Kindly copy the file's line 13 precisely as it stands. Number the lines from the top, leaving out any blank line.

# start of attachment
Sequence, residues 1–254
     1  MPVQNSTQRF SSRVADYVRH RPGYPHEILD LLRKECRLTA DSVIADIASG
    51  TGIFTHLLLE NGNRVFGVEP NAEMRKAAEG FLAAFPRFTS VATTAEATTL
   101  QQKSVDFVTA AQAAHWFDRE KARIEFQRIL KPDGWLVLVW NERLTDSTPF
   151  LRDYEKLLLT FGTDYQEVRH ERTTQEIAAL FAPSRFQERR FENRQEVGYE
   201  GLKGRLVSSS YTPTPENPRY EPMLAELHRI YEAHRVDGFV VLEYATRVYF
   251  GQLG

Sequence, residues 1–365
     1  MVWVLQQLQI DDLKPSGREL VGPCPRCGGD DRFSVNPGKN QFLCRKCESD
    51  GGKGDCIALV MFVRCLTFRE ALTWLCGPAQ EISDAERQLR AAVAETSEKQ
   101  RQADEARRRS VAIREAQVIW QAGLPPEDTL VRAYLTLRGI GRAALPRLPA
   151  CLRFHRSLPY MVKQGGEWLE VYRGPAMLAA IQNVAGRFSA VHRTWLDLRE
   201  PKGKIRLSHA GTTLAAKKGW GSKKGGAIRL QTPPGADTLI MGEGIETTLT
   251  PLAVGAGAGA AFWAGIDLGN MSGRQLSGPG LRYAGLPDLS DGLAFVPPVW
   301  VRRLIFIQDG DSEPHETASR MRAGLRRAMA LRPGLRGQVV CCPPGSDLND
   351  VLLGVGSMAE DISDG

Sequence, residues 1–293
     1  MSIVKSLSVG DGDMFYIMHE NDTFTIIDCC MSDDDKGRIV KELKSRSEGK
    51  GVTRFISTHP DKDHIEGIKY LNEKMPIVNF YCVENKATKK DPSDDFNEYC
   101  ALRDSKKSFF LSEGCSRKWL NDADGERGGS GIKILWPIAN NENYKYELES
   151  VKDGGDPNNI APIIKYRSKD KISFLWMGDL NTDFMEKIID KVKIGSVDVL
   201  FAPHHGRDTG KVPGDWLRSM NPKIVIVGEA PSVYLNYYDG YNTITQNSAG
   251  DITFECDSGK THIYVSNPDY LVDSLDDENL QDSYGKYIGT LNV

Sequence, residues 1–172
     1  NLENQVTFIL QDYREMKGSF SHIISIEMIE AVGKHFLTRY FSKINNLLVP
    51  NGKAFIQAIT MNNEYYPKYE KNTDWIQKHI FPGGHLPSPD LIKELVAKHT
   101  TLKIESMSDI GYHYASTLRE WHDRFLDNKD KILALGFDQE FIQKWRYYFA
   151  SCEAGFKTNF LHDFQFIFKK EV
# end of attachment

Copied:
   201  PKGKIRLSHA GTTLAAKKGW GSKKGGAIRL QTPPGADTLI MGEGIETTLT